The new POE models expand the 300 and 500 Series portfolio with support for higher density POE capability, together with all models supporting IEEE 802.3az (POE+). The 300 and 500 series switches now incorporates full and half power POE models, thereby giving customers the options to select the models which best meets their needs. The new switches comes with all the rich feature set available with these product families.
As we head towards Thanksgiving, it amazes me how fast time flies. 4th of July was a few weeks ago, right? I have yet to start holiday shopping, although the conversation at least came up this week. Wait! There is so much to get done before Christmas, so much to do with the Cisco Small Business Team! But yes, I digress.
This week, my colleague Product Manager, Nasser Tarazi, who manages the Cisco Small Business Wireless Access Points, created a short video covering how Cisco’s Single Point Setup makes the configuration, deployment and management of multiple access points a snap. In less than 5 minutes, he had a secure wireless network with two access points. All of configuration was done through a setup wizard that guides you step-by-step how to configure the access points. They automatically optimize the key radio settings so that is one thing less for you to do. I could go on and on about how easy and fast it was, but it would be easier for you just to watch the video.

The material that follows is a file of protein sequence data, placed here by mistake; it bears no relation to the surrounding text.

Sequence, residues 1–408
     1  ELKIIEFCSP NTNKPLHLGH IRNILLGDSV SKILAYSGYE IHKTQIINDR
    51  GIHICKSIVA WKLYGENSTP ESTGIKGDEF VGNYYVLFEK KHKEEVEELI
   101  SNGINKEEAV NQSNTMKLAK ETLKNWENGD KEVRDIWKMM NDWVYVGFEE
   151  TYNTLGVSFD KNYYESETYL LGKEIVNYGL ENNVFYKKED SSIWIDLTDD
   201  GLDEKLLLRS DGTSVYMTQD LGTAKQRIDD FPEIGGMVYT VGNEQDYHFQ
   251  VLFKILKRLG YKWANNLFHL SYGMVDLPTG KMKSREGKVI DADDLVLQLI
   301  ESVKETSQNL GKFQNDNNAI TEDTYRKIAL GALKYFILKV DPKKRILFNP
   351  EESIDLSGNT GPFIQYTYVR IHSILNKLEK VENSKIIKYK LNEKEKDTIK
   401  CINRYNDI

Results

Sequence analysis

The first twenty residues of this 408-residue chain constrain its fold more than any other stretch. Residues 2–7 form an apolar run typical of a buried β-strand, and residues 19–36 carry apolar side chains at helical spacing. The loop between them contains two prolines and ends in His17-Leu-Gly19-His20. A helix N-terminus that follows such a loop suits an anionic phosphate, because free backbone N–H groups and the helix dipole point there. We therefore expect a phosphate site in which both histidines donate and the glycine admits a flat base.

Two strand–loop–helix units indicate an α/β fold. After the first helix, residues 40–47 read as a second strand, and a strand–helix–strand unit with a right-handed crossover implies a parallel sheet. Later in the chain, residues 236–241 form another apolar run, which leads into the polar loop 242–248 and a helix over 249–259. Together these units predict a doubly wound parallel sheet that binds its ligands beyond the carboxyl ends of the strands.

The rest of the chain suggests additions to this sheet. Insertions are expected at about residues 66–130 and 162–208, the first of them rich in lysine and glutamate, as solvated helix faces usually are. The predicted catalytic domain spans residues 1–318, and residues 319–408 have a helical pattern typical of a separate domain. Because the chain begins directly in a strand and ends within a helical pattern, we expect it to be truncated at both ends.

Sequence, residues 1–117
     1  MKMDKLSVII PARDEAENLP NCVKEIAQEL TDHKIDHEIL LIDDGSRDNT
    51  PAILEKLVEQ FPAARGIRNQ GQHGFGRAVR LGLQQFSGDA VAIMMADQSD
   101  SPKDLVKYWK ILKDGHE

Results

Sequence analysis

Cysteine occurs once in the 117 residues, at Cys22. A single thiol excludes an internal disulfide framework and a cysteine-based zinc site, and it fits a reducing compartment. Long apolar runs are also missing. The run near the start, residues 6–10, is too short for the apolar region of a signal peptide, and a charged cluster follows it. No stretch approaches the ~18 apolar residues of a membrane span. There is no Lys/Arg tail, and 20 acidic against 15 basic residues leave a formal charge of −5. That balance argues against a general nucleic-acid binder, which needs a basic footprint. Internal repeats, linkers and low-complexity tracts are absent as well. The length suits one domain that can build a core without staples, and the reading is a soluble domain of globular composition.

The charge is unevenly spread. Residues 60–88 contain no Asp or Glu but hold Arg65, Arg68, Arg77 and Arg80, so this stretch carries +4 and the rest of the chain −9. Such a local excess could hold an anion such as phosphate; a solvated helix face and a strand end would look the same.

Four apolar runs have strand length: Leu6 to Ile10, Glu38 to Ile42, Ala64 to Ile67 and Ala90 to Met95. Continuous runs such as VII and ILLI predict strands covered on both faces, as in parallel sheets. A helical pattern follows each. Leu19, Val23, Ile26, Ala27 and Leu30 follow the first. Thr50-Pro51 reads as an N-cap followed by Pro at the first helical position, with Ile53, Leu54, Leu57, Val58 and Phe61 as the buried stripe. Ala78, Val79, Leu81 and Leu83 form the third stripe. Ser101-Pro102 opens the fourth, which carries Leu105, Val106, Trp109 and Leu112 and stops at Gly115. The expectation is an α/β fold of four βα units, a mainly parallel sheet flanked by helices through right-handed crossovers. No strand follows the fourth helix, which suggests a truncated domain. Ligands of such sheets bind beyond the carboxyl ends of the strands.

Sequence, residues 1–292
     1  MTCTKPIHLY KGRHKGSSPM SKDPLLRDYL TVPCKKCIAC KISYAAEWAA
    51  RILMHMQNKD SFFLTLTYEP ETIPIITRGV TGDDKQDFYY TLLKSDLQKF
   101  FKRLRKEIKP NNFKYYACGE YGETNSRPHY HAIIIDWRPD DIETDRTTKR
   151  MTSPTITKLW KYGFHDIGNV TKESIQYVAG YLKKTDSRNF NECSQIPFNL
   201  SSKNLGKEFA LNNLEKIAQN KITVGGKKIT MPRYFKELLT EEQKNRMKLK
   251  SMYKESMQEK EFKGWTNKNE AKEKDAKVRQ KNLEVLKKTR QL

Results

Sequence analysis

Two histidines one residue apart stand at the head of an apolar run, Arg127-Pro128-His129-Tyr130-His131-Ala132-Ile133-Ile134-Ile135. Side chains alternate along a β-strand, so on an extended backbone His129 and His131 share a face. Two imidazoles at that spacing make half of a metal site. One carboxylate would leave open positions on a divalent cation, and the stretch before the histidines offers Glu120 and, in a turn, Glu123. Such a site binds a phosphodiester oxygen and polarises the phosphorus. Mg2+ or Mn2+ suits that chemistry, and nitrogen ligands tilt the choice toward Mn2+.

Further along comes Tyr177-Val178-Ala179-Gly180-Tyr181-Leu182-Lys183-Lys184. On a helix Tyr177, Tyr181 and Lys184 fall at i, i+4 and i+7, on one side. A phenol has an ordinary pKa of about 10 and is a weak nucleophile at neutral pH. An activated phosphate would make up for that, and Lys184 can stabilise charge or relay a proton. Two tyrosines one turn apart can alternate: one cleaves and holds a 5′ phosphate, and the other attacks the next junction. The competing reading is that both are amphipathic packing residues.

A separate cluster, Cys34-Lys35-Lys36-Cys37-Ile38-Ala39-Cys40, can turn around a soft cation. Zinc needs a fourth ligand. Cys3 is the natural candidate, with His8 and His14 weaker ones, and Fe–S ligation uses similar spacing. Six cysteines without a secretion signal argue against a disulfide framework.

The bottom line is that Single Point Setup saves you time and money and you don’t need to be or have an expert to configure these products. In fact, this is a consistent trait for all of Cisco Small Business Wireless, Switching and Routing Portfolios. We believe that making our Small Business portfolios are among the easiest to deploy, configure and setup as we have made it one of the top priorities.